Clippers’ DeAndre Jordan taps into abilities for more rebounds

Rodney Hood, DeAndre Jordan
Utah Jazz guard Rodney Hood, left, battles Clippers center DeAndre Jordan for a loose ball during the Clippers’ 101-97 win at Staples Center on Monday.
(Alex Gallardo / Associated Press)

The NBA’s leading rebounder has become even more prolific at his specialty.

DeAndre Jordan’s newest method of securing the ball after missed shots involves tapping it out to his teammates on the perimeter.

“If I can grab it, I’m going to grab it,” the Clippers center said, “but if I’m being held or if I’m far away, then I’m just going to try to tip it out.”

Jordan has sustained scores of possessions with tap-outs for offensive rebounds in recent games, including the Clippers’ 101-97 victory over the Utah Jazz on Monday.


Six of his game-high 19 rebounds were on the offensive end. It was the 10th time in December that Jordan has collected at least 15 rebounds.

Jordan said he had improved his ability to tap the ball out to teammates by having them stationed outside the paint.

“Now I’m being able to see who I tip it to,” said Jordan, who is averaging 13.8 rebounds per game, including 15.9 in December. “Before, I just tried to get it out, but now I tell the guys to try to stay at the three-point line.

“I know when we shoot we want to get back and be able to set up our defense, but if there’s a chance that I can get it and tip it to us and give us a second opportunity, that’s what I’m going to do.”


Access denied

Jordan had four of the Clippers’ season-high-tying 12 blocks against the Jazz, which wasn’t a surprise.

Then there was forward Matt Barnes’ career-high-tying three blocks. That was a mild shocker, particularly since two of them came while defending the athletic Gordon Hayward.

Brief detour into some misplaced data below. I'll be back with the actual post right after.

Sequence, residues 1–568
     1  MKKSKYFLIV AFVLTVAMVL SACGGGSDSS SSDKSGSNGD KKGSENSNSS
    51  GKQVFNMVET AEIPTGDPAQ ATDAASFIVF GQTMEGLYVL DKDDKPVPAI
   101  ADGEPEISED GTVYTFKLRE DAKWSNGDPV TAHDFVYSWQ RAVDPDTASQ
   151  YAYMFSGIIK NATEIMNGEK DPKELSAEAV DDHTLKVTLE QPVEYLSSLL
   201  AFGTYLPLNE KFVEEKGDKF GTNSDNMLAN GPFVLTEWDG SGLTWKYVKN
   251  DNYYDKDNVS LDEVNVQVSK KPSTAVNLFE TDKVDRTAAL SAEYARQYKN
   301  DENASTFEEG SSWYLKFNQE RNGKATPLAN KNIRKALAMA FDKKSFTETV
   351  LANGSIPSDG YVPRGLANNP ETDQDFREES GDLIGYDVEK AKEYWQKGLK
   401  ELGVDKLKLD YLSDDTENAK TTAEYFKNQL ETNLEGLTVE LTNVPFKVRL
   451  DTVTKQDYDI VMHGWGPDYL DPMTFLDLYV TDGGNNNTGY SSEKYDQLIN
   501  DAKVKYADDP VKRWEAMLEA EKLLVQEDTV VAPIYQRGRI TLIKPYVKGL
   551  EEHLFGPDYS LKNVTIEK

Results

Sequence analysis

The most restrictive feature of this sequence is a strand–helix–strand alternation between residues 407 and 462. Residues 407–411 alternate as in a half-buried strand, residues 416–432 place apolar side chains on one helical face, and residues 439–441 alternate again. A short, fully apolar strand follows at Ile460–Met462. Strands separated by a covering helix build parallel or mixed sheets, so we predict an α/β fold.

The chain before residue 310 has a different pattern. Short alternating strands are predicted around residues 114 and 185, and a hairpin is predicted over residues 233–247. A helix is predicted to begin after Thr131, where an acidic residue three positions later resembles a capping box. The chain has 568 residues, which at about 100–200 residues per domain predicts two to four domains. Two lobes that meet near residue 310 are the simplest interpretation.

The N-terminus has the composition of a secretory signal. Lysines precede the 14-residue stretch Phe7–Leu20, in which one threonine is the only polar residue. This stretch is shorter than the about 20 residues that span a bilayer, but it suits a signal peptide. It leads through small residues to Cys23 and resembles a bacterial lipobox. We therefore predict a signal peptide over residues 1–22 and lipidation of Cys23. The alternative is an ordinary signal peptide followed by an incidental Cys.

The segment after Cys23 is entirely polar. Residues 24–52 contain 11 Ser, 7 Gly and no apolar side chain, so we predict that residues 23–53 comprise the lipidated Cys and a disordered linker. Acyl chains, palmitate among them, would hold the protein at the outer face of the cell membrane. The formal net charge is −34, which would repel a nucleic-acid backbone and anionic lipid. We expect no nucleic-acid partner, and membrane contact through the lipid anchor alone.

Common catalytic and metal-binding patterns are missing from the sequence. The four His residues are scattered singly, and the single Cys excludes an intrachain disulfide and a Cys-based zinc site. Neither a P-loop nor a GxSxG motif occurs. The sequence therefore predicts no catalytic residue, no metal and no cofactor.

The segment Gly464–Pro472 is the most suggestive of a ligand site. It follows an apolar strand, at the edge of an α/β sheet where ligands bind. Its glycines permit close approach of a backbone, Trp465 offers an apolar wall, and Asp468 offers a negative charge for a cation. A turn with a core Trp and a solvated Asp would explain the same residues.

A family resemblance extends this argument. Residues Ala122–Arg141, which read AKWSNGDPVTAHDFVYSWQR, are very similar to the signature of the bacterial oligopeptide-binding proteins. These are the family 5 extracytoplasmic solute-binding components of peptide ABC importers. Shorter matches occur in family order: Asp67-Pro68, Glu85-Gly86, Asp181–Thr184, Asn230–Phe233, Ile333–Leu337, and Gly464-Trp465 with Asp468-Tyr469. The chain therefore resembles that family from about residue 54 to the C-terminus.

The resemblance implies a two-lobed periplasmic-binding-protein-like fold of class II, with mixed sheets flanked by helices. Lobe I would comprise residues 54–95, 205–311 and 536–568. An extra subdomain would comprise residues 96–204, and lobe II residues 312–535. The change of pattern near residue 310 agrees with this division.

“We know how he can score the ball,” Clippers point guard Chris Paul said of Hayward, “and when he was making all those moves, Matt was right there and he never gave up on plays.”

Welcome back

There was an upside to Spencer Hawes’ return even though his statistics were negligible.

“He moved great,” Clippers Coach Doc Rivers said of the reserve forward-center, who had two points and three rebounds in 12 minutes against the Jazz after missing the previous nine games with a bruised left knee. “You could see his timing was off. He was pump-faking on threes when he was wide open. I’m like, what the hell is that?

“His wind, he said, was better than he thought. I thought he would really struggle wind-wise because he’s been playing three on threes [during scrimmages], but he was pretty good.”


Rehearsal time

Rivers said he had devised a schedule that included a lot of practices over the next few weeks. That would be a significant departure from the last month considering his team last held an informal practice Dec. 11 and what forward Blake Griffin described as “a real lace-up-and-get-after-it, work-on-some-things practice” Dec. 5.

“We’re going to have a drastic schedule change in the way we’ve done things,’ Rivers said.

The Clippers will have two days between games this week for the first time since early this month. They will also have two days between games four more times in January.

“Hopefully we’re smart about it and we really take these practices as a time to get better and move forward a little bit,” Griffin said.

Get our daily Sports Report newsletter